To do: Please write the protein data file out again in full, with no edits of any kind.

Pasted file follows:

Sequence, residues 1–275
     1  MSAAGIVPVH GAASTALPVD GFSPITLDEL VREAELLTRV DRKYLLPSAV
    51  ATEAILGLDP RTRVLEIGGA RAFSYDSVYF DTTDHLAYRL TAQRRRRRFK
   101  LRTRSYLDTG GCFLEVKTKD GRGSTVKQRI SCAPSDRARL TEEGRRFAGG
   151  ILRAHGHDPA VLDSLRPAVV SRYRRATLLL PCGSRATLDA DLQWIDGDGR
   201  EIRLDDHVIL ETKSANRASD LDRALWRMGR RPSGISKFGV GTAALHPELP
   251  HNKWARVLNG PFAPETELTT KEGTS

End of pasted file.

Sequence, residues 1–275
     1  MSAAGIVPVH GAASTALPVD GFSPITLDEL VREAELLTRV DRKYLLPSAV
    51  ATEAILGLDP RTRVLEIGGA RAFSYDSVYF DTTDHLAYRL TAQRRRRRFK
   101  LRTRSYLDTG GCFLEVKTKD GRGSTVKQRI SCAPSDRARL TEEGRRFAGG
   151  ILRAHGHDPA VLDSLRPAVV SRYRRATLLL PCGSRATLDA DLQWIDGDGR
   201  EIRLDDHVIL ETKSANRASD LDRALWRMGR RPSGISKFGV GTAALHPELP
   251  HNKWARVLNG PFAPETELTT KEGTS